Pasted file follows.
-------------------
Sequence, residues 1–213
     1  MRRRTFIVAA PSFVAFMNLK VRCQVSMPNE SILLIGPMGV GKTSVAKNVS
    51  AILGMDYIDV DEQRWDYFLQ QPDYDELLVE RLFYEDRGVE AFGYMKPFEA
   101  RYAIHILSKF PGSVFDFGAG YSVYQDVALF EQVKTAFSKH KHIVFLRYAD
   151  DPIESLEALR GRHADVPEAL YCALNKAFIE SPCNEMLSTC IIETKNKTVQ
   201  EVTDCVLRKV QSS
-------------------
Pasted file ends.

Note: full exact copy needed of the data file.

Sequence, residues 1–213
     1  MRRRTFIVAA PSFVAFMNLK VRCQVSMPNE SILLIGPMGV GKTSVAKNVS
    51  AILGMDYIDV DEQRWDYFLQ QPDYDELLVE RLFYEDRGVE AFGYMKPFEA
   101  RYAIHILSKF PGSVFDFGAG YSVYQDVALF EQVKTAFSKH KHIVFLRYAD
   151  DPIESLEALR GRHADVPEAL YCALNKAFIE SPCNEMLSTC IIETKNKTVQ
   201  EVTDCVLRKV QSS